Nicotine is a common factor in both tobacco and the majority of vaping products. Nicotine is now accepted as one of the major components responsible for gastrointestinal disorders, but, in many cases, nicotine is also interacting with the other substances in tobacco smoke.

Nicotine replacement therapy (NRT) products such as nicotine patches, gum and lozenges do not contain the harmful substances found in tobacco smoke, but nausea and other digestive problems are commonly listed side effects. 

A review of 120 studies involving a total of 177,390 individuals found a number of reported adverse effects when using NRT – including insomnia, heart palpitations or chest pains and gastrointestinal complaints. It found a ‘statistically significant increased risk’ of nausea or vomiting but also found that orally administered NRT caused a significantly greater risk for gastrointestinal complaints compared with using a nicotine patch.

The review suggests a definite link between nicotine and stomach pain, as well as other gastrointestinal issues, even when not delivered through cigarettes and other tobacco products.


Other Factors Contributing to Stomach Pain

Many other factors can cause or contribute to stomach pain. Many of these can be related to diet and lifestyle but can also be linked to illnesses of various kinds. Common causes of stomach pain can include indigestion, constipation, trapped wind, stomach bugs or food poisoning. Stress and pre-existing gastrointestinal conditions can also lead to stomach pain.

When managing stomach pain from vaping or even considering whether there is a link between any digestive issues you might be experiencing and vaping, it’s important to consider any other possible causes.


Vaping Risks and Potential Complications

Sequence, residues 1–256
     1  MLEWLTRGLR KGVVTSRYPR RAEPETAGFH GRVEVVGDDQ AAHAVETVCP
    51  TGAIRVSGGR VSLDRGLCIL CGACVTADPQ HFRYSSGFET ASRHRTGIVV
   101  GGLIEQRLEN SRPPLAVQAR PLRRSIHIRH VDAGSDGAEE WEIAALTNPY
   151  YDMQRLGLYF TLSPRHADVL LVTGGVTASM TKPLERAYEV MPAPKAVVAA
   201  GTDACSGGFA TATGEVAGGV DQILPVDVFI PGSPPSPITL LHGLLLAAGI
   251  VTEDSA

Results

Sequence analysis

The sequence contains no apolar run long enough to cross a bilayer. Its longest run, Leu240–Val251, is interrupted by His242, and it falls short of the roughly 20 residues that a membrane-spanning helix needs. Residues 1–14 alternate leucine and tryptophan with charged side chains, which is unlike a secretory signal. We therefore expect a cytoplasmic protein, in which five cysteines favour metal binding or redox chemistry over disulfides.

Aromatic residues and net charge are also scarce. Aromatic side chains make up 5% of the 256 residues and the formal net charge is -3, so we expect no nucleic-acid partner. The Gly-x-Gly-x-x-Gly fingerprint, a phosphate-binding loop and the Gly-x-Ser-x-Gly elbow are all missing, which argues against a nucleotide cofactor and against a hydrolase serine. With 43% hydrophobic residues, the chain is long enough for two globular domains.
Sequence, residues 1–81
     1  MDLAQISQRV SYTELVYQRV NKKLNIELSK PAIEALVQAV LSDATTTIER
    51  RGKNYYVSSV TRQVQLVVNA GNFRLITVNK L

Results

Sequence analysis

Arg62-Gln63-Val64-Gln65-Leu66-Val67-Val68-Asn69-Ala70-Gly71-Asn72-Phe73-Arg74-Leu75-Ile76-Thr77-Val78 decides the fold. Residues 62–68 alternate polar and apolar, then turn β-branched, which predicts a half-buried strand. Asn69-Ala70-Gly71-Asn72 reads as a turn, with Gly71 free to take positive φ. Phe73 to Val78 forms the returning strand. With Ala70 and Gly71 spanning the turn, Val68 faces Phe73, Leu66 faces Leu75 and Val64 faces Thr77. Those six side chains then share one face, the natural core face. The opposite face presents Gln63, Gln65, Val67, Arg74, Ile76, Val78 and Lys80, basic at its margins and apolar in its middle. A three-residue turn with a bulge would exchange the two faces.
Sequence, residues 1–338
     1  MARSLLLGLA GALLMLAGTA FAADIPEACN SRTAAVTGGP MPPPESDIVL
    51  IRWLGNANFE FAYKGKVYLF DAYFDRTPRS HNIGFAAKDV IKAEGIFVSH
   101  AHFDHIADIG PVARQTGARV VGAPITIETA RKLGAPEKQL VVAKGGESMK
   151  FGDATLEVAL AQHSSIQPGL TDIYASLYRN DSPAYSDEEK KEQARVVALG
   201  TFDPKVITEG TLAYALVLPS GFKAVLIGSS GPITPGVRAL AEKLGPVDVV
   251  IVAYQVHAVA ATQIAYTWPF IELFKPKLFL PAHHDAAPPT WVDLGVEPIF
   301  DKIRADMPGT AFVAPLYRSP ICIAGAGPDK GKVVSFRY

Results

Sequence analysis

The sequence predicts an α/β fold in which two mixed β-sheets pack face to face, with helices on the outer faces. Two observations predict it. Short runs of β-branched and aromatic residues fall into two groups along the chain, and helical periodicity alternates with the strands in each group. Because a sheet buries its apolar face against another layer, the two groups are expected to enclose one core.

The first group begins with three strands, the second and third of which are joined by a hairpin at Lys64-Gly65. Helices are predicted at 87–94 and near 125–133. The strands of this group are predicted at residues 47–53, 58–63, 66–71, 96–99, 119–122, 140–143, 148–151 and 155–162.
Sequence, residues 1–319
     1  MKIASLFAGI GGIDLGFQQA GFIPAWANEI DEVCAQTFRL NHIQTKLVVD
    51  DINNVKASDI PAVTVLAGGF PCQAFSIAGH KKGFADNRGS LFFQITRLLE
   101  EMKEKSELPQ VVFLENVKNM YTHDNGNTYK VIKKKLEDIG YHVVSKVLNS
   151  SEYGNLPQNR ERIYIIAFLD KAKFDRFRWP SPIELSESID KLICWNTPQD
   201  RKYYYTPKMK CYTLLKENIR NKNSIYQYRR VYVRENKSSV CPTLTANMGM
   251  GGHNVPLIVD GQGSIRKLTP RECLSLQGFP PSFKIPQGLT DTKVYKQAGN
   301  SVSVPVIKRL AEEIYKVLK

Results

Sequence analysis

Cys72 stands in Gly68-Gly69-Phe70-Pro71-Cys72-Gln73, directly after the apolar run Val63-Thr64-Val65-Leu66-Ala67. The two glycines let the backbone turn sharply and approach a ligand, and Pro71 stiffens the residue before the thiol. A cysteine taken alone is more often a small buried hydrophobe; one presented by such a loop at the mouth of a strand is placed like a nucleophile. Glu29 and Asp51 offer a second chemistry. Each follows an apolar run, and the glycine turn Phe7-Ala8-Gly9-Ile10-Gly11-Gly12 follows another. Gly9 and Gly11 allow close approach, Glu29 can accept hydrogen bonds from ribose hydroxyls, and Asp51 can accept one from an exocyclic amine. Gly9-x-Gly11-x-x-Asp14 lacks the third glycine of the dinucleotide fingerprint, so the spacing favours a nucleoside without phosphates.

As well as vaping side effects on digestion, vaping has a number of other potential risks. Nicotine is the main addictive element in both tobacco and the majority of vaping products, for example. 

There is also increasing evidence that vaping can be harmful to your heart and lungs – although it is still considered to be far less harmful than smoking.

As we have seen, there is growing evidence to show that vaping can cause stomach pain and digestive issues for some people. It’s worth noting that if you experience severe stomach pain, pain that does not go away or pain that keeps recurring, you should seek medical advice as it could be something more serious – whether related to vaping or not.

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John Gillen - Author - Last updated: September 8, 2023

John has travelled extensively around the world, culminating in 19 years’ experience looking at different models. He is the European pioneer of NAD+ (Nicotinamide Adenine Dinucleotide) treatment to Europe in 2010; and recently back from the USA bringing state of the art Virtual Reality Relapse Prevention and stress reduction therapy. His passion extends to other metabolic disturbances and neurodegenerative diseases. The journey continues. In recent times, John has travelled to Russia to study and research into a new therapy photobiomudulation or systemic laser therapy working with NAD+ scientists and the very best of the medical professionals in the UK and the USA, together with Nadcell, Bionad Hospitals own select Doctors, nurses, dieticians and therapists. Johns’ passion continues to endeavour to bring to the UK and Europe new developments with NAD+ Therapy in preventive and restorative medicine and Wellness. In 2017 John Gillen was made a visiting Professor at the John Naisbitt university in Belgrade Serbia.